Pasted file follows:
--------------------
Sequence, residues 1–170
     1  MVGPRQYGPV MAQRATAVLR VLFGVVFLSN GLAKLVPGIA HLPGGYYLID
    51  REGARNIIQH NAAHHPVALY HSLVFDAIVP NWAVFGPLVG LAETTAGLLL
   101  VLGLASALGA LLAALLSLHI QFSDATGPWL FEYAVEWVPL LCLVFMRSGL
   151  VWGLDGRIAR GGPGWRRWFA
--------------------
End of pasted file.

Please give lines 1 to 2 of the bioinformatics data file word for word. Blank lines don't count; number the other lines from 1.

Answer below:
Sequence, residues 1–170
     1  MVGPRQYGPV MAQRATAVLR VLFGVVFLSN GLAKLVPGIA HLPGGYYLID